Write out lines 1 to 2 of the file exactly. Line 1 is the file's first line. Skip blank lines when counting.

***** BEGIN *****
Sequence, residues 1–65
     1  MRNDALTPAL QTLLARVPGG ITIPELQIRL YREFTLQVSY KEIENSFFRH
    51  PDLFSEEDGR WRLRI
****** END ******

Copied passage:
Sequence, residues 1–65
     1  MRNDALTPAL QTLLARVPGG ITIPELQIRL YREFTLQVSY KEIENSFFRH